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Are you resisting moving to Canada? | Faith | The Press and Standard

by | July 31, 2016 5:00 am

Last Updated: July 27, 2016 at 4:25 pm

“Jeff Cook wants to sell your house if you’re moving to Canada because of Trump or Clinton.”
That headline caught my attention recently when the Charleston City Paper posted it on social media. The short news article included a picture of a billboard featuring the claim, “Moving to Canada? We can sell your home.” The billboard also had pictures of not only real estate agent Jeff Cook, but also both Donald Trump and Hillary Clinton.
We saw the billboard in person when we made a trip down Highway 17 a couple of days later. No, I’m not planning to sell my house or move to Canada, but I thought it was clever marketing. Clever and funny.
I’ve read about celebrities and other well known people making the declaration that they will move out of the United States if the less-than-desirable candidate, in their opinion, is elected. Moving is expensive and exhausting. That’s a lot of effort and expense that might be better spent right here trying to make this country more like what they think it should be. It would save them the trouble of updating a passport, packing up the junk in the attic, and dealing with customs at the border. I haven’t heard many claims about what they will do if their preferred candidate gets elected.
A few years ago, I found myself in a difficult situation, perhaps surprisingly not of my own doing. The actions of other people were forcing me to make decisions I didn’t feel I was ready to make yet — or even at all.
If I had seen that billboard then, I might have been tempted to take it way more seriously and who knows, could even be speaking French by now. My struggle was not about a presidential election, but it was about the authority over and in my life. I no longer wanted to be around the people who were forcing difficult circumstances on me.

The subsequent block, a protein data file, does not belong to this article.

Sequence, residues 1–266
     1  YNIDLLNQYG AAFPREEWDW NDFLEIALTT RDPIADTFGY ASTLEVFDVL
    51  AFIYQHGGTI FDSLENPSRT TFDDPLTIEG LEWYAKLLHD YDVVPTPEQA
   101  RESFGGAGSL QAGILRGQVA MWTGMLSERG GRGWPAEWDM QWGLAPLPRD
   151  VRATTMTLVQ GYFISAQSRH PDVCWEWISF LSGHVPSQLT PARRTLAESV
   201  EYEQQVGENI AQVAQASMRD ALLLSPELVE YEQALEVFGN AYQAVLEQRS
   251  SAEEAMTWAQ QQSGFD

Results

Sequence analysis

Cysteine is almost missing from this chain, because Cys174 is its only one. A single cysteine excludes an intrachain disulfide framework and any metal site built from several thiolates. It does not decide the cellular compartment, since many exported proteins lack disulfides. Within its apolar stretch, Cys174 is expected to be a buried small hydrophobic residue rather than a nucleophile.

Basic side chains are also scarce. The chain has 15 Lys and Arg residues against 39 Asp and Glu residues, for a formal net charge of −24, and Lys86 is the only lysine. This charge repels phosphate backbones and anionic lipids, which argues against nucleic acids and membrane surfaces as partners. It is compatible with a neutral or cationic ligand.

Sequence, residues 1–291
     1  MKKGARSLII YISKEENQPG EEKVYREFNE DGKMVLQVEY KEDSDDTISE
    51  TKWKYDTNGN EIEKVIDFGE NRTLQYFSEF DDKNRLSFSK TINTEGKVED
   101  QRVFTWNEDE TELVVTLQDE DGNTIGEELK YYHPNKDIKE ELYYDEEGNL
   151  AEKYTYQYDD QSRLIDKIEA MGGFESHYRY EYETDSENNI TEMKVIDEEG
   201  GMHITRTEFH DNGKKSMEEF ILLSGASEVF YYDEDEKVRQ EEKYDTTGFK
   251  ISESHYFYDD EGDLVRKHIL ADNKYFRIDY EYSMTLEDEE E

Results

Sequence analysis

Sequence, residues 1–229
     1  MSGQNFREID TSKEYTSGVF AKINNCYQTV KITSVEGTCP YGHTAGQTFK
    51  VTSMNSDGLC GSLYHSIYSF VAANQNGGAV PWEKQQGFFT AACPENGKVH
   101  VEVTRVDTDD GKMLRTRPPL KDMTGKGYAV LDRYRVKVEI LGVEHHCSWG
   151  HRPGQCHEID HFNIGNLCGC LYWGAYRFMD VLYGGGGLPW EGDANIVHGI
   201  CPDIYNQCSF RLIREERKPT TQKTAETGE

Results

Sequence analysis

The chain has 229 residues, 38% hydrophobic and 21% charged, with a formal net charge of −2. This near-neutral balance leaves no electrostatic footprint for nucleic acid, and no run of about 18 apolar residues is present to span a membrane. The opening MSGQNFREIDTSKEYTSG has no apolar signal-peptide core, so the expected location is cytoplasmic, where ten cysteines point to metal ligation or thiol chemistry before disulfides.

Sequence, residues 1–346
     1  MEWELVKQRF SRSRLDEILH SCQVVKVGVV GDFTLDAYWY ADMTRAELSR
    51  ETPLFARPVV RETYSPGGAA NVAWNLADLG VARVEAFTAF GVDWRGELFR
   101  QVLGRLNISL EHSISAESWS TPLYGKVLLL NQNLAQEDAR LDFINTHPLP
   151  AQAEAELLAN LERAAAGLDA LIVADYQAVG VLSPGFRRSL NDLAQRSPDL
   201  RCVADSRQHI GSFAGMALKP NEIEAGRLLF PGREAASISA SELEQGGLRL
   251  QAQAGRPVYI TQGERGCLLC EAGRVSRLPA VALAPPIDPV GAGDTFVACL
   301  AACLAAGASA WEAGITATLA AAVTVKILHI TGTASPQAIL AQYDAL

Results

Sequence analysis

I wanted to flee. As a matter of fact, that’s all I wanted to do. I was tempted to run away and never look back. Even people close to me encouraged me to go, just quit and get out. I was certain the grass was greener anywhere and everywhere else.  I was so tempted.
I searched for scripture verses that might help me justify fleeing. After a little research and reading, I didn’t find much confirmation that fleeing difficult situations is always a definite “yes” in God’s book. Mostly, summing up the verses I found, the Bible directs me to flee temptation, not difficult situations. Specifically, flee the temptation to sin.
I also searched for scripture verses that would help the pain and anguish of dealing with the difficult circumstances and people. I found verse after verse about persevering. I read verses about endurance, putting on armor, fighting the good fight, pressing on, standing firm, and on top of all that, being joyful about it.
Be joyful about hanging in there and flee the temptation to sin. It’s not always easy.
Sometimes you have to flee the temptation to flee.
It didn’t happen overnight, but I finally realized I had developed strength by persevering under the pressure of those difficult circumstances. That strength gave me the ability to relieve those overbearing people of the counterfeit authority in my life that I had unwittingly assigned to them. It really wasn’t theirs anyway.
Here are 14 words that say it all: “Submit yourselves therefore to God. Resist the devil, and he will flee from you” (James 4:7).
We don’t have to flee. We just have to give God the authority over our lives. Let Him deal with those overbearing people and politicians. Then we’ll see the backside of the devil as he’s running away. Isn’t that a joyful thought?

(Nancy Davis attends First Baptist Church of Walterboro, where her husband Scott, is the minister of music. Reach her at

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